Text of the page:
My boyfriend and I just came back from a holiday in Shanghai. Apart from visiting all the must-see tourist attractions, a big part of our holiday was ticking off my long list of must-try restaurants. Shanghai, famous for it’s xiaolongbao, soup buns and fried mini buns. We were spoiled rotten with all kinds of cheap eateries serving up these wonderful delicacies.For those wondering what xiaolongbao is. It is basically a little parcel of filling as well as soup all encased in a thin, chewy skin. A couple of weeks back in Melbourne and we are already missing all of these delicious snacks, luckily my mum knows a place that serves some great xiaolongbaos.
Shanghai Master Dumpling is close to my mum’s office and since they’ve opened around a year ago, my mum has been raving about their buns. So my boyfriend and I paid them a visit. Arriving around 1pm, we were greeted by a full-house of office workers hungrily tucking into their food during their limited lunch hour. We joined the queue outside, but luckily we were seated within 5 minutes.
This is a self-service type of restaurant, which means you have all your cutlery, plates, bowls and water/tea lined up along the back of the restaurant and you get whatever you need yourself. I don’t really mind this kind of setup because food is pretty cheap here, so I guess it keeps the cost down. However, having said that they were extremely understaffed the day we went. There were only 2 waiters running the floor, which is probably how next table’s fried mini buns landed on our table instead. This mistake was quickly rectified after we flagged down a passing waiter.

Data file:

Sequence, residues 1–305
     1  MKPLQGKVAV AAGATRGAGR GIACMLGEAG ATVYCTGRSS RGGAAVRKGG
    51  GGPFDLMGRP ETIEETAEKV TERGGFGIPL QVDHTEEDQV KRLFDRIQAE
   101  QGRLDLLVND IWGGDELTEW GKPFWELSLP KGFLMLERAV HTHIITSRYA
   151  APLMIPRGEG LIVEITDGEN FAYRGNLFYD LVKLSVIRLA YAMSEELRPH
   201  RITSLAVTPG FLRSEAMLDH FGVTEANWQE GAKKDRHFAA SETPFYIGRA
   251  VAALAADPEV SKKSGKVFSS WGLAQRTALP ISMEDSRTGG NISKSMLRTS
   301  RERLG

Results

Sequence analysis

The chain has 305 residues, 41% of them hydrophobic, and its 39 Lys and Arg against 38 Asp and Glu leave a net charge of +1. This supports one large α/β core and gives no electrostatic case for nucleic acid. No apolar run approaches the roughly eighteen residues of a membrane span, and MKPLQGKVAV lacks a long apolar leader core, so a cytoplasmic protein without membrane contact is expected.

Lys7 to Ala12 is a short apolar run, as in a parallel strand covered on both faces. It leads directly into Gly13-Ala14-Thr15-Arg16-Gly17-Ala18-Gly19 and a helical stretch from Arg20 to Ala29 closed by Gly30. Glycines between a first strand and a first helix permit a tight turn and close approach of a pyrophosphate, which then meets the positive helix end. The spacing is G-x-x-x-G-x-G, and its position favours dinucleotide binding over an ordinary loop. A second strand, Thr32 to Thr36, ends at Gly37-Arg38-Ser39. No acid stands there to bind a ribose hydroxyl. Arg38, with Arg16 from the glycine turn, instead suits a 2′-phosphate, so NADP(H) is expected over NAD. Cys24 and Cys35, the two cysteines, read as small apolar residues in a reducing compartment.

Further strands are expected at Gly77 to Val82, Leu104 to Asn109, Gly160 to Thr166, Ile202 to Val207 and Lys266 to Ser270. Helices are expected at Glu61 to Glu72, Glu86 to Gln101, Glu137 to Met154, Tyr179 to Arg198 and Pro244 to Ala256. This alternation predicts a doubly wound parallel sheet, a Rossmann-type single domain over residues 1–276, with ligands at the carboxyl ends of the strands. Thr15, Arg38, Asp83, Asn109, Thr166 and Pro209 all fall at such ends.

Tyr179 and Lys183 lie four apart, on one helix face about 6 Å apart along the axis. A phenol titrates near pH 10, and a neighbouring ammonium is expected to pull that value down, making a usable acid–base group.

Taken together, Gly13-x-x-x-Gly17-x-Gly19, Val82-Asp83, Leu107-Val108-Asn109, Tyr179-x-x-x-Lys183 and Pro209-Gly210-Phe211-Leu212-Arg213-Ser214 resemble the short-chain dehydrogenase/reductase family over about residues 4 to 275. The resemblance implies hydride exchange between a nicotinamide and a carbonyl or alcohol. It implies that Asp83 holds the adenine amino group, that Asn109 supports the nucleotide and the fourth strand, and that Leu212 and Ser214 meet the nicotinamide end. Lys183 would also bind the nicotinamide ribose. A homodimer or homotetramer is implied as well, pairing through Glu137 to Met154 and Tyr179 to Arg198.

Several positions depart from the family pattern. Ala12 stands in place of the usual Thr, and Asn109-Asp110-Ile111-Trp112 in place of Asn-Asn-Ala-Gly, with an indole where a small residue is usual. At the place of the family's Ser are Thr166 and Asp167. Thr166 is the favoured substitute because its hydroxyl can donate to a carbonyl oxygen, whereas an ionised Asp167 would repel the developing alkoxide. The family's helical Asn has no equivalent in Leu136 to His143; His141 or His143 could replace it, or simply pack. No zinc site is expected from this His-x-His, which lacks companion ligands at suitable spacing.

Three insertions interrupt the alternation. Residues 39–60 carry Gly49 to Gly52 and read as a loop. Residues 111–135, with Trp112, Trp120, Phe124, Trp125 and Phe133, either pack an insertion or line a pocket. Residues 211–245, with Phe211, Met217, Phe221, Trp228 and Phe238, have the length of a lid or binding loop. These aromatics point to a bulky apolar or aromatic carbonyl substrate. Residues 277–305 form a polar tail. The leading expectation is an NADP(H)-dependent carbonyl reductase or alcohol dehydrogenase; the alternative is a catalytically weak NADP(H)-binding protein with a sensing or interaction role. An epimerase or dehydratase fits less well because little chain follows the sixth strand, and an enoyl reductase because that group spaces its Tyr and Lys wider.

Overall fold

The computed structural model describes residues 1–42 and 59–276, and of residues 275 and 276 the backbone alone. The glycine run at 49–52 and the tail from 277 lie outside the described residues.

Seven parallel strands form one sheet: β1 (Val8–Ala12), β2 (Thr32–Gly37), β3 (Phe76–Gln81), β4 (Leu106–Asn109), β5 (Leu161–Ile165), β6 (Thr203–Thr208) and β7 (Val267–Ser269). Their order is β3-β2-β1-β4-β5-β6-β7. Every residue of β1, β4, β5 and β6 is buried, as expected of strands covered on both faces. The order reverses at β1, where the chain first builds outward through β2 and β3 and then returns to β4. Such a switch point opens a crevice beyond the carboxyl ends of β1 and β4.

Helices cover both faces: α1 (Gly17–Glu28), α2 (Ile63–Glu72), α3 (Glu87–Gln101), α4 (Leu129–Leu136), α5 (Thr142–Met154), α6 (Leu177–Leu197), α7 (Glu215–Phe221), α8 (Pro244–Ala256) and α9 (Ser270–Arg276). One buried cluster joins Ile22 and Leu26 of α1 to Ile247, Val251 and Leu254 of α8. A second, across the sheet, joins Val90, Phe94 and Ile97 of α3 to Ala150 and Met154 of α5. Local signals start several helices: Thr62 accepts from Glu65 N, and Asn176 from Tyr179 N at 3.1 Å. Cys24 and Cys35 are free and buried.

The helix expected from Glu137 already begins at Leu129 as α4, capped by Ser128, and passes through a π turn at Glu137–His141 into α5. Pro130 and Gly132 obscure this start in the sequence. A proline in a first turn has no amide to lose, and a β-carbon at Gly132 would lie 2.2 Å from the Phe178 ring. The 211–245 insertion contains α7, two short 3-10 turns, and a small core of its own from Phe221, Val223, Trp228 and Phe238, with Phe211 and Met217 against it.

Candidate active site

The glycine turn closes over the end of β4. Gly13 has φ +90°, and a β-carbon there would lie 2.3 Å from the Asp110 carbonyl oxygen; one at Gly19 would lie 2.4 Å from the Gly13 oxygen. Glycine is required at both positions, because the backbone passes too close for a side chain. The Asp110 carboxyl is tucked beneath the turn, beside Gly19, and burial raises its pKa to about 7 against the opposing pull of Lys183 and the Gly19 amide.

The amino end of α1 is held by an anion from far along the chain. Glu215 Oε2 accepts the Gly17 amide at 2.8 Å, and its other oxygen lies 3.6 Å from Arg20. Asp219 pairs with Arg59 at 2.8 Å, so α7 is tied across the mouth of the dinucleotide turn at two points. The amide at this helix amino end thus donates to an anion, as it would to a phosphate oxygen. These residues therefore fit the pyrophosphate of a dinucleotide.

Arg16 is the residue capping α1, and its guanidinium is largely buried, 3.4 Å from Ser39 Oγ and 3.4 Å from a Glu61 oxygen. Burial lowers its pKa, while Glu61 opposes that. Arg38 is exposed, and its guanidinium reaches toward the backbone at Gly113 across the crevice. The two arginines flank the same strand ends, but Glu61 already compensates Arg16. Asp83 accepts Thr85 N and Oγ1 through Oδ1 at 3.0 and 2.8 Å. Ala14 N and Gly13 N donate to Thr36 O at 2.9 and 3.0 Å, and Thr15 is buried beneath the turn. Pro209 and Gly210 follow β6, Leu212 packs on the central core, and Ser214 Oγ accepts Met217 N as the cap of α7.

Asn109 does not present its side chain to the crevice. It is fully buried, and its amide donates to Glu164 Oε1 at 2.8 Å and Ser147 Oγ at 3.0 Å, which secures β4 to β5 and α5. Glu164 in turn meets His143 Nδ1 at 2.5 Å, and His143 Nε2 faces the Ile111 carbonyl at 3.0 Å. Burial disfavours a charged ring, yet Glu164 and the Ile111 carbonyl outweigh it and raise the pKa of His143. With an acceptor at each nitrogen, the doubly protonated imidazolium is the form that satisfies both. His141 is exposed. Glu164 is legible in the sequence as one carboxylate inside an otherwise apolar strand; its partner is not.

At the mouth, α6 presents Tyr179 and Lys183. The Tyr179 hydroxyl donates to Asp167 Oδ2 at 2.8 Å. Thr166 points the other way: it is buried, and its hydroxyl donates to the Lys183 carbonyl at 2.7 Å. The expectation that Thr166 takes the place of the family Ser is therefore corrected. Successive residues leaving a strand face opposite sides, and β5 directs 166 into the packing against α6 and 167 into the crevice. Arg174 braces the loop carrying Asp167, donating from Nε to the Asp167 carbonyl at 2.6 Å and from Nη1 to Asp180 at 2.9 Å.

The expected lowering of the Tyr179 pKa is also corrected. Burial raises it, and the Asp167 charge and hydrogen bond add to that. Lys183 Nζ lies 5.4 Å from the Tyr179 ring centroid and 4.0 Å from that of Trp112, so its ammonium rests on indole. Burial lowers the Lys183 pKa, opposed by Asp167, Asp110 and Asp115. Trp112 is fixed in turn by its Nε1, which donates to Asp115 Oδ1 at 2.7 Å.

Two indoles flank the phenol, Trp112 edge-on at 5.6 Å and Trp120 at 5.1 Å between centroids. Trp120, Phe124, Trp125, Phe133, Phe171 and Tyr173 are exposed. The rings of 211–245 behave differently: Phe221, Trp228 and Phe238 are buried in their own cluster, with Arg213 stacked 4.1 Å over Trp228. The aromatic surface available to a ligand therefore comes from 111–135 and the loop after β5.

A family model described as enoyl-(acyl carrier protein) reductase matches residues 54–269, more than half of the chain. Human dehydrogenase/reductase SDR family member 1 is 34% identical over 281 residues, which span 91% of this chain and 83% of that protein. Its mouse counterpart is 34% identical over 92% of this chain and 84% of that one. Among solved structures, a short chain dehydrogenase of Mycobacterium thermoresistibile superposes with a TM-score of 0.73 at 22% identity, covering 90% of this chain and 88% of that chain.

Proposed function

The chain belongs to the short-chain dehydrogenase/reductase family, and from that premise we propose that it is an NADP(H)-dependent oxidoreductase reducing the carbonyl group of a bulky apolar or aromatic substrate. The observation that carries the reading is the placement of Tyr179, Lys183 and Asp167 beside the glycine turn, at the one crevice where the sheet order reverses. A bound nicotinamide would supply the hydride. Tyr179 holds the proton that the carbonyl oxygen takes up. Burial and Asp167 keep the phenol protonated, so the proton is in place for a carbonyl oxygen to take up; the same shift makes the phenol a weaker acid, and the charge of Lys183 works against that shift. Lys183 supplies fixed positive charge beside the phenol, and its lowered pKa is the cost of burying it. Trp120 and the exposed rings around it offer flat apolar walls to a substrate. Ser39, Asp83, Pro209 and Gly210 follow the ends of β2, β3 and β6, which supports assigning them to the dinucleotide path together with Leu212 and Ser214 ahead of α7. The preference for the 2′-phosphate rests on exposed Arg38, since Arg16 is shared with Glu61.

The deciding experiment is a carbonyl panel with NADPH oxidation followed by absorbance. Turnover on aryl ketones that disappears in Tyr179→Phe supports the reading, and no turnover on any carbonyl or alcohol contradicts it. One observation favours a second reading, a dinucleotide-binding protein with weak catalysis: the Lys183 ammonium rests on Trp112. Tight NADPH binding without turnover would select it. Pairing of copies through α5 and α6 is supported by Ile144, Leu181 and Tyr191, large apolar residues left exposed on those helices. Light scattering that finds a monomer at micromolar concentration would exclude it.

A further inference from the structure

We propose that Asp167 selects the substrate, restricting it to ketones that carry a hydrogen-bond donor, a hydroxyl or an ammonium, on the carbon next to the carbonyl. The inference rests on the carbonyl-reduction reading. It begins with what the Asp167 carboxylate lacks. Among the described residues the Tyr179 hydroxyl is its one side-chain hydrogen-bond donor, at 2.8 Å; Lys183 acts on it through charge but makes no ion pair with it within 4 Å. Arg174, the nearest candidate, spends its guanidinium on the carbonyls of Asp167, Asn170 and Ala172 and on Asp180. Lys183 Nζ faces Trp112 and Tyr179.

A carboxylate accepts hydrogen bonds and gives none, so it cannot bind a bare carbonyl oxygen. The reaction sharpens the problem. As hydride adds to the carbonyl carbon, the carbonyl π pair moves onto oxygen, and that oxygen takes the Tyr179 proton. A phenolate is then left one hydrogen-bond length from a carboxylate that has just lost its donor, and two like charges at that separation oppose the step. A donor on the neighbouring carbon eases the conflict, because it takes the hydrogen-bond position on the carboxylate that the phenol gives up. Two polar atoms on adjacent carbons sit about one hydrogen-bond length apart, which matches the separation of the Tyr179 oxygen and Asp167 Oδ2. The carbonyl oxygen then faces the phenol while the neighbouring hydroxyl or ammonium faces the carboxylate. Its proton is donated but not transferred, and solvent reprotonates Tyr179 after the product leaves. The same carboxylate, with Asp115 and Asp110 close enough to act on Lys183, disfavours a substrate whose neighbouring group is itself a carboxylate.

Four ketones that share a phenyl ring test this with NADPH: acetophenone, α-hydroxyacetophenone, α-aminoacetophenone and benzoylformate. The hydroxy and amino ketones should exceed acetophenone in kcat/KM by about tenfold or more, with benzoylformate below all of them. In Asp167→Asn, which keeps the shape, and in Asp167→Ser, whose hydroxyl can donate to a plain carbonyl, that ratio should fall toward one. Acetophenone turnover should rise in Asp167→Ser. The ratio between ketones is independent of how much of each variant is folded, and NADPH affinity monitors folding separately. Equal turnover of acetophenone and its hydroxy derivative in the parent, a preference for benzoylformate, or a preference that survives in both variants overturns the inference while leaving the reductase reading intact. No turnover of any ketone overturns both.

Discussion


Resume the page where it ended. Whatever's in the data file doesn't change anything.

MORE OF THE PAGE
My boyfriend was pretty hungry so we ordered a dish each and another dish to share. I got the wontons in chili oil and topped with peanut sauce because it had a thumbs up sign next to it.
But this turned out to be a very disappointing thumbs down. I think I would have enjoyed these wontons by themselves in a chicken broth, because the filling of prawn and pork was bouncy and flavoursome. However, the puddle that it was seating in was oily and tasteless. I could not detect the slightest kick from the chili oil and the sesame sauce just made the wontons taste extra oily and sticky. I definitely won’t be ordering this again.
My boyfriend’s noodles were a little better, they weren’t amazing, just average.
Kung pao chicken is a classic representative of Szechuan cuisine, so ordering this at a restaurant with Shanghai in the name probably wasn’t the smartest choice. This Kung pao chicken is no where near authentic, but I thought it tasted okay. It was salty and a little bit spicy, but it was missing the sweetness and numbing sensation that’s characteristic to this dish. However, the chicken pieces were nice and juicy so I thought it was a decent noodle dish given the price.
And now for the best part of our meal – the xiaolongbao.
For me, these buns are just the epitome of culinary wisdom; the skin is thin but retained some elasticity, which made them chewy and a perfect vessel for holding the wonderful soup inside. Biting a little hole through the skin, the rich, pork soup flooded into my spoon. Pouring a little vinegar into my bun to cut through some of the meaty goodness, I greedily gobbled up my bun. The bun made me feel all warm and fuzzy inside. I haven’t tried the famous Hutong or Shanghai Village yet, but currently for me these are the best xiaolongbao I’ve had in Melbourne. When I was in Shanghai, a friend of ours took us to an authentic snack house to have some of these and I have to say the ones at Shanghai Master Dumpling were better, so I’m pretty impressed.
I probably won’t be going back to Shanghai Master Dumpling for anything else, because I think there are other cheap Chinese restaurants around the city that serves much better, but I will definitely be going back for their amazing xiaolongbao when the cravings hit.